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At least 140 killed in India as suspension bridge collapses

By Sameer Yasir


At least 140 people were killed after a century-old pedestrian bridge collapsed in the western Indian state of Gujarat on Sunday evening, sending hundreds plunging into the Machchhu River, officials said.


About 350 people were on and around the bridge, a major tourist attraction, at the time of the collapse, said Brijesh Merja, a minister in the Gujarat government. A large number of those who died were children, women and older people, according to officials.


The bridge collapsed four days after it was reopened to the public and about seven months after the start of renovation work. Built in 1880, during the Victorian era, it is about 755 feet long.


Video broadcast by local television channels showed people swimming to a portion of the bridge suspended in the water, with more than a dozen struggling to cling to the edge as they waited to be rescued. Children and women could be heard crying for help.


Rescue workers scrambled to pull victims from the river. Video footage released by the Gujarat government showed small boats working through the night to help with the search and rescue, and pulling bodies out of the water. The office of the district collector in Morbi, the district where the bridge collapsed, said 170 people had been rescued so far.


The collector’s office said that in addition to the national disaster response force, teams from the Indian army, navy and air force were on the way to help with the rescue, which was complicated as night had fallen and the river was dark.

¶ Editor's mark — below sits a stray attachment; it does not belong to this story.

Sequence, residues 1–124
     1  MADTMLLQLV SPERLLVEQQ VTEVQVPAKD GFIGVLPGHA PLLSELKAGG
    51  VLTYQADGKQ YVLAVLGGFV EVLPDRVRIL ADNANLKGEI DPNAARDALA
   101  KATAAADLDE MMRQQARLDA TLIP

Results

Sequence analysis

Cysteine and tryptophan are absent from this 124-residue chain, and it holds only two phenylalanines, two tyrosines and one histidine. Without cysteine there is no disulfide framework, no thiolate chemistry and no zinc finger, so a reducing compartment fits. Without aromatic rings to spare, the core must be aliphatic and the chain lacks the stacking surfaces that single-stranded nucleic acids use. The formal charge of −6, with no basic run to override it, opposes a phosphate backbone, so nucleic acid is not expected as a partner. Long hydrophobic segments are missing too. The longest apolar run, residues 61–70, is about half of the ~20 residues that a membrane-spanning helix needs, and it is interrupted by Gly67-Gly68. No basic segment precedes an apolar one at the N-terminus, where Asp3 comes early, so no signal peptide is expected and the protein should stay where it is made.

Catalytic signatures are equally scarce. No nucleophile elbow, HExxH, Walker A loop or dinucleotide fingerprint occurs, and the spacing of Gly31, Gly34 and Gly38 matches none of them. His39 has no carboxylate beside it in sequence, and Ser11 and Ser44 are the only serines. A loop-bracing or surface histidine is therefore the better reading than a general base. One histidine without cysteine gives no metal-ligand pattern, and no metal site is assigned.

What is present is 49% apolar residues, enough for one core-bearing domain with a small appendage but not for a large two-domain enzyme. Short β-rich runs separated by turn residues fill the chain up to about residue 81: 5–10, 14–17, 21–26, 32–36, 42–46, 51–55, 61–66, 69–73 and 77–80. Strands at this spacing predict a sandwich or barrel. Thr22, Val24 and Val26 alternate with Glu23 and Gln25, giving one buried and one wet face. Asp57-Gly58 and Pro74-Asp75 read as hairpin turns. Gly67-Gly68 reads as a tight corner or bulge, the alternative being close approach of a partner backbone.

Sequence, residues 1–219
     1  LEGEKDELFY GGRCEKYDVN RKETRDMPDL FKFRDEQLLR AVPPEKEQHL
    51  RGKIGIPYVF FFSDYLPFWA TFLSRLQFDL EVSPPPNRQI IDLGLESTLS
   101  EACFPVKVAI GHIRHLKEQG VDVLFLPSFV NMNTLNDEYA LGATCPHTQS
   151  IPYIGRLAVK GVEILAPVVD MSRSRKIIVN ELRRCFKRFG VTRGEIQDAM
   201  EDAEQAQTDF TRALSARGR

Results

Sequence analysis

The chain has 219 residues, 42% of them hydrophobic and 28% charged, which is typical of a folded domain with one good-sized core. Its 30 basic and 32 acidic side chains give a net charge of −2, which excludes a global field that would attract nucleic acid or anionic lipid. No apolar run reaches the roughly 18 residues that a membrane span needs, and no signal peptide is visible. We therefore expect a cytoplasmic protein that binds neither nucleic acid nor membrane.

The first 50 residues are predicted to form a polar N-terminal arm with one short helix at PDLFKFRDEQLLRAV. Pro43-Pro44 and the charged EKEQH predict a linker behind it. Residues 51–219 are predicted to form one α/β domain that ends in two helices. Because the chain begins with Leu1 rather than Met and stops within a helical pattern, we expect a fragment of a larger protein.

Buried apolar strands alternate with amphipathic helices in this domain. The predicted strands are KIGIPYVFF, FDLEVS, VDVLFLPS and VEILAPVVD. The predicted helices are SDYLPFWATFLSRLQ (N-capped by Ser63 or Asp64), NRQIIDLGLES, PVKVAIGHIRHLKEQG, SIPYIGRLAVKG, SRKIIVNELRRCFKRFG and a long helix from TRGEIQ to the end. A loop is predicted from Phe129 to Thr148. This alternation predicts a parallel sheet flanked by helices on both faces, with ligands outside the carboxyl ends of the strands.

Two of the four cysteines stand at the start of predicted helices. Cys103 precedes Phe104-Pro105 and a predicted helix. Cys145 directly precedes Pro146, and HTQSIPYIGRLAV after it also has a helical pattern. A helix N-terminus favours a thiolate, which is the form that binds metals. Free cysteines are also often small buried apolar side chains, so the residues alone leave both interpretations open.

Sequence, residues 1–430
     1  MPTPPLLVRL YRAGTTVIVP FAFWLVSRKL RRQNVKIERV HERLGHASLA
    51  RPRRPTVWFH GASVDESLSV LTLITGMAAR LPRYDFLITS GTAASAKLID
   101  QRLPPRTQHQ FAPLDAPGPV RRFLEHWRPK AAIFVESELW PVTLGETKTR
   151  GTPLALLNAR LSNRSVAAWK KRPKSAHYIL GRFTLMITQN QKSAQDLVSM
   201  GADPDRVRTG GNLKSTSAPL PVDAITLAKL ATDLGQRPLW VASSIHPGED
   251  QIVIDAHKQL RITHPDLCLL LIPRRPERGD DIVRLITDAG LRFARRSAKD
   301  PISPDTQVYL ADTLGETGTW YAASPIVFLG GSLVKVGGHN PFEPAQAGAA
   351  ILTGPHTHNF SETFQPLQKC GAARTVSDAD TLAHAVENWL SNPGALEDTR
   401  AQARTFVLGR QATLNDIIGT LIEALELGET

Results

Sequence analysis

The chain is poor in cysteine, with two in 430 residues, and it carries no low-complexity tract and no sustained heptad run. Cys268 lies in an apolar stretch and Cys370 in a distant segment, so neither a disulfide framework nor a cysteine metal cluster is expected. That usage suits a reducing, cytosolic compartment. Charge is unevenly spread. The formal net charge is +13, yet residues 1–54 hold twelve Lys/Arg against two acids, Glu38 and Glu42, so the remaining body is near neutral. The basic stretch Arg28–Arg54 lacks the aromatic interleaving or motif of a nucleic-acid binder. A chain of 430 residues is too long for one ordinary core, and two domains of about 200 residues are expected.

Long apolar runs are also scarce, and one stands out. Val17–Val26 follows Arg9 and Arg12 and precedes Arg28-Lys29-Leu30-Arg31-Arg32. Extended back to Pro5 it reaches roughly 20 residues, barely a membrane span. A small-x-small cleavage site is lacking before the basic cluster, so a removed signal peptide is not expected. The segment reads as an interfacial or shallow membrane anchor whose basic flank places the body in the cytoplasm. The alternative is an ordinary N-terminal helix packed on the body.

Prime Minister Narendra Modi, who is from Gujarat and was in the state for a three-day visit, announced cash compensation for the families of those killed or injured.


“My heart is with the victims in Morbi,” Modi said at a public event Monday. “I have rarely felt this kind of pain in my life.”


The bridge was particularly busy over the weekend, as the Hindu festival season drew a larger number of tourists and families to the recently reopened attraction. Local media reports suggested that the bridge was over capacity when it snapped. The Morbi district is home to thousands of factories that make ceramic tiles, bathroom products and wall clocks, and dozens of migrant factory workers were on the bridge when it fell.


Attention has shifted to whether the private company that runs the bridge and sells tickets for passages across it reopened the span to the public before the holiday season without the proper safety checks. Municipality officials told local news media that the bridge might have been opened without a “fitness certificate.”


State officials said they would investigate the matter. Harsh Sanghavi, Gujarat’s junior minister for home affairs, said criminal cases had been filed in relation to the collapse, without clarifying who was being booked.


India’s infrastructure has long been marred by safety concerns. Allegations of corruption have also swirled around the huge amounts of money channeled to construction and maintenance, depriving Indians of quality roads and bridges and leading to frequent mass-casualty episodes.


Gujarat, which has a population of about 60 million people, is in the middle of a harshly fought election season, with a vote for the local government expected in the coming months. Modi’s Bharatiya Janata Party has been at the helm of the state for the past two decades, and his 12 years as chief minister in Gujarat cemented Modi’s rise to national office.

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